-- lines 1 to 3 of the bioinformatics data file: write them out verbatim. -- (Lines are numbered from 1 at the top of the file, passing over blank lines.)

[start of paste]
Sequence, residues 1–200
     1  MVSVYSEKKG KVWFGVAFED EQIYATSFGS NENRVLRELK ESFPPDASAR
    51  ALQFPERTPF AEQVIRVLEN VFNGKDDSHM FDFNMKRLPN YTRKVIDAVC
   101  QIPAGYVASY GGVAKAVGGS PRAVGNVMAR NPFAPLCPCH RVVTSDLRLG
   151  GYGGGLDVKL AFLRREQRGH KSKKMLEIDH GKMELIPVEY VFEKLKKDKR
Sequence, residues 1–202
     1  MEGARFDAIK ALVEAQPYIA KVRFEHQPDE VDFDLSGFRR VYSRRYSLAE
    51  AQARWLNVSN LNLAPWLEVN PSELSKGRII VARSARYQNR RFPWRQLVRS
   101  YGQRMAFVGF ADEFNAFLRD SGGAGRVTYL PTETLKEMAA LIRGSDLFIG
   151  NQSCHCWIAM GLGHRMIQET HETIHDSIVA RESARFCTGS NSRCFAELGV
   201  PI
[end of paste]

Sequence, residues 1–200
     1  MVSVYSEKKG KVWFGVAFED EQIYATSFGS NENRVLRELK ESFPPDASAR
    51  ALQFPERTPF AEQVIRVLEN VFNGKDDSHM FDFNMKRLPN YTRKVIDAVC